Know The Law: Drug Testing in the Workplace

March 25, 2013
Published in the Union Leader

This question was answered by Charla Bizios Stevens of the McLane Law Firm

Q. I own a New Hampshire business and am concerned that a few of my employees may be impaired by alcohol or drugs at work . I am worried about both their safety and my liability and wonder if adopting a drug testing policy would help. How would I go about initiating that?

A. In light of recent publicity about the extent of substance abuse and the effect on New Hampshire workplaces it is appropriate for you to consider taking proactive measures. Substance abuse is a real safety concern as well as a cause of millions of dollars in lost productivity. Before drug testing, however, there are a number of preliminary matters you should address.

First, is your business is in an industry which either requires or has standards for drug testing? For example, drivers with commercial licenses may be covered by Department of Transportation (“DOT”) regulations which specifically address drug and other medical testing. You should be consult those regulations for guidance.

Assuming no specific requirements apply to your company, be aware that there are generally three types of drug testing: 1) pre-employment, 2) reasonable suspicion or post-accident/injury, and 3) random. Drug testing is a medical test and  must be conducted consistent with the requirements of the Americans with Disabilities Act (“ADA”).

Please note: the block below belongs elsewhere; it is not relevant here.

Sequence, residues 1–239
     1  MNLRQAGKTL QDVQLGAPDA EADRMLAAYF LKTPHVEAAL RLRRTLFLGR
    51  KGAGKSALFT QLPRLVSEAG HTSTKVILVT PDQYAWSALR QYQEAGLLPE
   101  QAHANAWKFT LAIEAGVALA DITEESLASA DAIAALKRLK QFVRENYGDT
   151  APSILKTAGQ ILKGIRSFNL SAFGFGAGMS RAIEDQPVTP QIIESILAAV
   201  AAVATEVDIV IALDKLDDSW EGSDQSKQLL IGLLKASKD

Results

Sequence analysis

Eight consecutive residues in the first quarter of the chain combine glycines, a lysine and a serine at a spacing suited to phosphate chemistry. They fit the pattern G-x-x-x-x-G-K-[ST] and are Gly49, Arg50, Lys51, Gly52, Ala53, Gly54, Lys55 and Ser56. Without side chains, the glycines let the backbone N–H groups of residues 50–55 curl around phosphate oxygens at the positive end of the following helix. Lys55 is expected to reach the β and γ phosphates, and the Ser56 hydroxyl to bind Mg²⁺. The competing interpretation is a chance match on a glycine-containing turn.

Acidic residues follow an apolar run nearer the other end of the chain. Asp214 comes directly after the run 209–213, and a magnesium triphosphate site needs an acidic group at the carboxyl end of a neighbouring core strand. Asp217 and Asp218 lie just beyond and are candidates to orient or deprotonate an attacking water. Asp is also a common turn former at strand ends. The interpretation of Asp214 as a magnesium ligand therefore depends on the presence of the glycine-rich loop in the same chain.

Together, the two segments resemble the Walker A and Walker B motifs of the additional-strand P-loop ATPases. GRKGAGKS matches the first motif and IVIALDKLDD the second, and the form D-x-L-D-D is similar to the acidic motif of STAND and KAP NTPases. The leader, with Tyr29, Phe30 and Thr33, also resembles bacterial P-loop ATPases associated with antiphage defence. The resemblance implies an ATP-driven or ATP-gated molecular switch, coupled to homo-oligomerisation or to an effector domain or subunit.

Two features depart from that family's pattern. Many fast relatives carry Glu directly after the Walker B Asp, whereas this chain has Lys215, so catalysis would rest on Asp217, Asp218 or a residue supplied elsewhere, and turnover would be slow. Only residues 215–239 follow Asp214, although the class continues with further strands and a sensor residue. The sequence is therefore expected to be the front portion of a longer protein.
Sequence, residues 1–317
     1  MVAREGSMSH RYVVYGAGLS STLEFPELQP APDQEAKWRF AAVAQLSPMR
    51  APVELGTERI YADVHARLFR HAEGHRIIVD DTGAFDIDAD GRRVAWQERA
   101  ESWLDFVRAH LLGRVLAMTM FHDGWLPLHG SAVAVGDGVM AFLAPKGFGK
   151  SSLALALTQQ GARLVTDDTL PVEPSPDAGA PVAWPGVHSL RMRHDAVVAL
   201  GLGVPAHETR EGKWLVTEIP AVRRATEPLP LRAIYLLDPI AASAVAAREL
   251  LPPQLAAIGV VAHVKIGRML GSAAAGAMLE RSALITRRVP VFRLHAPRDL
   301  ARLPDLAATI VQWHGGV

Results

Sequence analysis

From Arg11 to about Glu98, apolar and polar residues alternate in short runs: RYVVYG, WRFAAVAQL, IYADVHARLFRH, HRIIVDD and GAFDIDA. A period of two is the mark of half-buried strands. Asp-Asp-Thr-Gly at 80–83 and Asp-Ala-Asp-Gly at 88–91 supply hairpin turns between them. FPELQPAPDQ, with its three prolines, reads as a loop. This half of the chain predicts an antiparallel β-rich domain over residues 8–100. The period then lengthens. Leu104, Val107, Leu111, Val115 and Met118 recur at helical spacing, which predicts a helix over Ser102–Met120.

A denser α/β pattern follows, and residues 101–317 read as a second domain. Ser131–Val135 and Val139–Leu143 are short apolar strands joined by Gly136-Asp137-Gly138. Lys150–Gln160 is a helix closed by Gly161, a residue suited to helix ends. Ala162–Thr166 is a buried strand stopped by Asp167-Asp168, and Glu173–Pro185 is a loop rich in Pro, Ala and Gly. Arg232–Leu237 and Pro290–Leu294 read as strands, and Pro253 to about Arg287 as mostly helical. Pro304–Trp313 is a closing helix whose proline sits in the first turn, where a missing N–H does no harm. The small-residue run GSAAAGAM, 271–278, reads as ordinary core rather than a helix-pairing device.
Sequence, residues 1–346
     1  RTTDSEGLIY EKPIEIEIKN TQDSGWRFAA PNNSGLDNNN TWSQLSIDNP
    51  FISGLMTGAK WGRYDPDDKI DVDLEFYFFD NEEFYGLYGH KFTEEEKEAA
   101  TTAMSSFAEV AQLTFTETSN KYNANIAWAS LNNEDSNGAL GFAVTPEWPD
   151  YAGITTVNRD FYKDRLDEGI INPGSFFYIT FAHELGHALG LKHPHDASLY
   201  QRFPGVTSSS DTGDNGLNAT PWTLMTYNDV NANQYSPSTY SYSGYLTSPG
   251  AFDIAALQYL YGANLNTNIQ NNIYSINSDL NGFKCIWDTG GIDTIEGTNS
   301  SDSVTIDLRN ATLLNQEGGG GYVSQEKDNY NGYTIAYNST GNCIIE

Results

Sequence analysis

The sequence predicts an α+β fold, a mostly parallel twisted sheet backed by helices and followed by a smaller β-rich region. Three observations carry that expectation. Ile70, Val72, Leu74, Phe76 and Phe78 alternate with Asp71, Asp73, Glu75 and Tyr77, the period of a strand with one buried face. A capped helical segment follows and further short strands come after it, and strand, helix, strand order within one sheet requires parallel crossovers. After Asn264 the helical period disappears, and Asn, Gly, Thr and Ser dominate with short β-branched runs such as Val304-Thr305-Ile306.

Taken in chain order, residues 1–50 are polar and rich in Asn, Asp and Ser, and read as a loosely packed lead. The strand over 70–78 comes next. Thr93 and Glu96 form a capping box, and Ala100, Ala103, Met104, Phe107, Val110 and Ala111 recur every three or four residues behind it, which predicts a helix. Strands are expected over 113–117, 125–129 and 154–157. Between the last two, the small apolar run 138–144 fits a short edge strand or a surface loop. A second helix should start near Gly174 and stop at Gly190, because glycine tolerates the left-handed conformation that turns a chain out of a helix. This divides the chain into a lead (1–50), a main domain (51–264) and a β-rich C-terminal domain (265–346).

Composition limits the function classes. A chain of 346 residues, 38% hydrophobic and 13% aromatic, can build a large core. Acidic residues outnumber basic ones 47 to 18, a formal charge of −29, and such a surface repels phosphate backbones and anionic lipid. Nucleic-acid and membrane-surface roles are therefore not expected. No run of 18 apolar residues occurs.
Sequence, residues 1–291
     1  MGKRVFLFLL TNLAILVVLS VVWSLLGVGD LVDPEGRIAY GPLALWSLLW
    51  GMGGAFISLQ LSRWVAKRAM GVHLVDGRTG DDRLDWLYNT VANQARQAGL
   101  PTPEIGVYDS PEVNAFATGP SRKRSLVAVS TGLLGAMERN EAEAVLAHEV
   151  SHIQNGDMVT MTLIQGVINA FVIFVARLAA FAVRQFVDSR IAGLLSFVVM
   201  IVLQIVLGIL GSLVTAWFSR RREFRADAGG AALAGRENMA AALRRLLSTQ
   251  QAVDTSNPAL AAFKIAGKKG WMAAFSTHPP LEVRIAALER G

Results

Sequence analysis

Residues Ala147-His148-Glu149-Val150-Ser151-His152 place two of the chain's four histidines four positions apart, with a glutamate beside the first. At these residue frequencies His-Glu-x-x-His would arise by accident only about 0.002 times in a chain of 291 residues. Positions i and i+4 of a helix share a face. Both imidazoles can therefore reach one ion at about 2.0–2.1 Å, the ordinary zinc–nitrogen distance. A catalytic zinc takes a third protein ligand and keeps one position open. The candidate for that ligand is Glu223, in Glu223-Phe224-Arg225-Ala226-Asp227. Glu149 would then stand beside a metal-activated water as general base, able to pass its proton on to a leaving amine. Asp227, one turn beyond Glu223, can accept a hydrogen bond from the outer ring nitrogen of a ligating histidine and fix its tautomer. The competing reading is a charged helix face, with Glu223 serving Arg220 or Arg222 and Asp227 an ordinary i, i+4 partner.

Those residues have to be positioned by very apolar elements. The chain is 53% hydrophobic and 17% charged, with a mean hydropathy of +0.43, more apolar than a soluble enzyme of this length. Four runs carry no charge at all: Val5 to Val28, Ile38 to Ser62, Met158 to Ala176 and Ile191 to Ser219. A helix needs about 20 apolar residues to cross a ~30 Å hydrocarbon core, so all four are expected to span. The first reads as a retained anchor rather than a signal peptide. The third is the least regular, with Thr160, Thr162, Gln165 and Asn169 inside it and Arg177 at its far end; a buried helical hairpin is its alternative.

Pre-Employment. After an offer of employment has been made, the employer may require a drug test and may condition the offer on the results, provided all entering employees are subject to the same examination, and testing is administered to all applicants within the job category.

Post Incident/Reasonable Suspicion. Employers sometimes implement policies requiring drug tests after an employee sustains a work-related injury or causes property damage or injury to others. While the ADA does not prohibit testing for illegal drugs, such testing can raise claims of invasion of privacy. Testing should be implemented pursuant to a written policy describing the program. What constitutes reasonable suspicion should be carefully defined along with the guidelines for the types of injury/damage which would trigger a drug test.

Random. Random drug testing is the least favored option and the most likely to result in a claim of invasion of privacy or discrimination. This type of testing should be undertaken carefully and with due consideration of the pros and cons.

Given that drug and alcohol testing policies are complex and still subject to privacy and ADA concerns, employees should develop their policies with clear objectives in mind and have them reviewed by legal counsel.

Charla can be reached at

Know the Law is a bi-weekly column sponsored by The McLane Law Firm.
We invite your questions of business law. Questions and ideas for future columns should be addressed to:  Know the Law, The McLane Law Firm, P.O. Box 888, Manchester, NH 03101 or emailed to knowthelaw@mclane.comKnow the Law provides general legal information, not legal advice. We recommend that you consult a lawyer for guidance specific to your particular situation.